Pluribus AM: S.C., Neb. reject abortion bans; N.D., Mont. define gender under state law; N.Y. Dems reach budget deal (finally)

Good morning, it’s Friday, April 28, 2023. In today’s edition, S.C., Neb. reject abortion bans; N.D., Mont. define gender under state law; N.Y. Dems reach budget deal:

Top Stories

ABORTION: The South Carolina Senate rejected a bill that would have banned nearly all abortions in the state, as six Republicans joined Democrats in opposition. (Associated Press) A Nebraska measure to ban abortion after six weeks failed by a single vote. (Nebraska Public Media)

LGBTQ RIGHTS: The Oklahoma Senate has approved a measure banning gender-affirming care for minors. (Tulsa World) Washington Gov. Jay Inslee (D) and Minnesota Gov. Tim Walz (D) signed laws Thursday instituting legal protections for people who travel to their states seeking gender-affirming or reproductive care. (Associated Press) The Kansas legislature has overridden Gov. Laura Kelly’s (D) veto of a bill that requires people to use bathroom facilities that conform to their gender at birth. (Associated Press, Kansas Reflector)

MORE: Missouri Gov. Mike Parson (R) says he will call a special session if lawmakers cannot work out differences between House- and Senate-passed bills that restrict access to gender-affirming care for minors. (KCUR) The North Dakota legislature has approved bills banning trans students from bathrooms that conform to their gender identity and defining “male” and “female” in state law. (Fargo Forum) A bill defining “male” and “female” under state law is headed to Montana Gov. Greg Gianforte’s (R) desk after the Senate gave it final approval. (Montana Free Press)

SOCIAL MEDIA: Montana Gov. Gianforte wants revisions to a proposed ban on TikTok, asking legislators to extend the ban to all social media platforms that provide user data to foreign nations. (Montana Free Press) A bipartisan group of Minnesota senators have introduced legislation to require a minimum age for children to use social media, and parental consent for those between the ages of 13 and 18. (MPR News)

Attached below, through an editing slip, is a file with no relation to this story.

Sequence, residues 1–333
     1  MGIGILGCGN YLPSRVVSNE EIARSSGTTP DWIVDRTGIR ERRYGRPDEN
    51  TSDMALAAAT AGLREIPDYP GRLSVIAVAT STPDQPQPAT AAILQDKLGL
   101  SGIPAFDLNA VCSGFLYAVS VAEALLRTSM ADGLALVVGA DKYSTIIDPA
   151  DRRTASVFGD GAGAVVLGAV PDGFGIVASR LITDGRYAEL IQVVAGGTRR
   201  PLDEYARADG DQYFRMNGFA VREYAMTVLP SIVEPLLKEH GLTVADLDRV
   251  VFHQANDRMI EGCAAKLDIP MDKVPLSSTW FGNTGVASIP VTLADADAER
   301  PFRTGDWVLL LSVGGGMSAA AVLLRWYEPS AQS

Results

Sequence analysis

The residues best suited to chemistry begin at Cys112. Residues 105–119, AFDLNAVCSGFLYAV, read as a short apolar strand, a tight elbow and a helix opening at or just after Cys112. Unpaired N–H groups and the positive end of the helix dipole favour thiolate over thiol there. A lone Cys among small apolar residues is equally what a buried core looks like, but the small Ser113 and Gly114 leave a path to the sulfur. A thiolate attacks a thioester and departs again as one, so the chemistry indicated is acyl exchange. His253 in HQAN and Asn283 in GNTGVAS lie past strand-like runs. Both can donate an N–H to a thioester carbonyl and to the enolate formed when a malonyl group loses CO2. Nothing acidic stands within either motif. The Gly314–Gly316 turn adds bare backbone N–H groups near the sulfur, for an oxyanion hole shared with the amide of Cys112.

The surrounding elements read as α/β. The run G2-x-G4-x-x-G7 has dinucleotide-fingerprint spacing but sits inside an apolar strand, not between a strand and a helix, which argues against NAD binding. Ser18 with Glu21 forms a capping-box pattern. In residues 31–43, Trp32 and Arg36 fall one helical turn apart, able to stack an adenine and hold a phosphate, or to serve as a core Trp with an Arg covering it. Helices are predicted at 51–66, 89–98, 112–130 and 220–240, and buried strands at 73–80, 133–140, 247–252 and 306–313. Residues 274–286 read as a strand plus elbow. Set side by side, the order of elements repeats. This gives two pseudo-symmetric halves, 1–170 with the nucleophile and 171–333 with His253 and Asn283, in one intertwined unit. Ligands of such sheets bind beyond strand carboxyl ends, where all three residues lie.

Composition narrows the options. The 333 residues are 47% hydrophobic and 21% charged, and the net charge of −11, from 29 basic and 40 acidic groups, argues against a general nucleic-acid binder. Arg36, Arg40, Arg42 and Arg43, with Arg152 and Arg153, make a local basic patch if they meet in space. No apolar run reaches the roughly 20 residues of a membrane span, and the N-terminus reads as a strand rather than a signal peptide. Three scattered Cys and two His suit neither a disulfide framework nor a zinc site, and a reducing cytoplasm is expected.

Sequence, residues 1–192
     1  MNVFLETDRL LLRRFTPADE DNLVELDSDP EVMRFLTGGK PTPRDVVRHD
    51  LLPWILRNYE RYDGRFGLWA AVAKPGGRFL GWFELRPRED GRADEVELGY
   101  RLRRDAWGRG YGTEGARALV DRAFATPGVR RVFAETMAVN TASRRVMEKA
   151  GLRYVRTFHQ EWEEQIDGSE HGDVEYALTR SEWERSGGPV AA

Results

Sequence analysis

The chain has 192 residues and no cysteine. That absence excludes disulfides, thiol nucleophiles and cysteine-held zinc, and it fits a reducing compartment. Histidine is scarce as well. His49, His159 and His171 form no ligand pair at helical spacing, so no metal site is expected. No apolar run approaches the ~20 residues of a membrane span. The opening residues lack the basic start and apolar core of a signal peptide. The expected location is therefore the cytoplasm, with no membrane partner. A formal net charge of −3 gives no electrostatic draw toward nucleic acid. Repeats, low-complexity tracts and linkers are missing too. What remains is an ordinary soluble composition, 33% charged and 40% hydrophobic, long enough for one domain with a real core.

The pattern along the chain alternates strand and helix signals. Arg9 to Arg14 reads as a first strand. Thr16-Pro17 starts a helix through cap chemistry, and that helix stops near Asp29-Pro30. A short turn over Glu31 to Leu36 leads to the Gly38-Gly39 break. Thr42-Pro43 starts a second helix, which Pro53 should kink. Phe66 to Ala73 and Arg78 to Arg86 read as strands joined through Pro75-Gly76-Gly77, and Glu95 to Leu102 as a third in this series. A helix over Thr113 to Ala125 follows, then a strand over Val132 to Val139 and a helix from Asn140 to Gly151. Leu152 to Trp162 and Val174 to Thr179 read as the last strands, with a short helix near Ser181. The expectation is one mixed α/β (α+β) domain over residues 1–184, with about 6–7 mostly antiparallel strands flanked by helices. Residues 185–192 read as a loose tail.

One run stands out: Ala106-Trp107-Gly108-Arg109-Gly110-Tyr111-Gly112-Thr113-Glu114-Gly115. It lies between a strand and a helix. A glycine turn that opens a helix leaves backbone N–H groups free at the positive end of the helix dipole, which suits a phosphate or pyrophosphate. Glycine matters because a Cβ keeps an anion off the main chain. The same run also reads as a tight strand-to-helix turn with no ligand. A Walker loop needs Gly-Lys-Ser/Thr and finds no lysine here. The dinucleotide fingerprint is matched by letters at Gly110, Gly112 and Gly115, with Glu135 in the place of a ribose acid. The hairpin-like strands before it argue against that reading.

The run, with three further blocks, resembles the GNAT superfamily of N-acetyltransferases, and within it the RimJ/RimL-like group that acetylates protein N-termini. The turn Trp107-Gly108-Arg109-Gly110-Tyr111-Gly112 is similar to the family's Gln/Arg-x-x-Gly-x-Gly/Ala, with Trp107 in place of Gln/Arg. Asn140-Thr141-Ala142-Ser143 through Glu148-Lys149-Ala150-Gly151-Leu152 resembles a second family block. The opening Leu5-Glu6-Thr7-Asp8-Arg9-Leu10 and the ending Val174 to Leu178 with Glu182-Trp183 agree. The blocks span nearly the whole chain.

EDUCATION: The Indiana legislature approved a measure requiring schools to publicly post library catalogues and establishing a procedure for parents and community members to challenge books. (WFYI, Associated Press)

MARIJUANA: The Minnesota Senate will vote on a measure legalizing marijuana for recreational purposes. Differences between the Senate version and a version the House has already passed mean the two chambers will have to convene a conference committee. (MPR News)

ENVIRONMENT: California’s Air Resources Board has approved a rule banning the use of locomotive engines that are more than 23 years old after 2030, and a rule banning locomotives from idling longer than 30 minutes. (Associated Press)

TAXES: Alabama Lt. Gov. Will Ainsworth (R) says every member of the state Senate has signed onto a proposal to cut grocery taxes in half this year, from 4% to 2%. (Yellowhammer News, The Florida House has approved a $1.4 billion tax cut package, including two two-week sales tax holidays and an exemption for baby and toddler products. (Orlando Sentinel) 

MORE: North Dakota Gov. Doug Burgum (R) signed a $515 million tax cut package that, among other provisions, chops the state’s five tax brackets down to three. (Fargo Forum) Alaska Gov. Mike Dunleavy (R) says he will propose a new sales tax, the first in state history. (Alaska Beacon)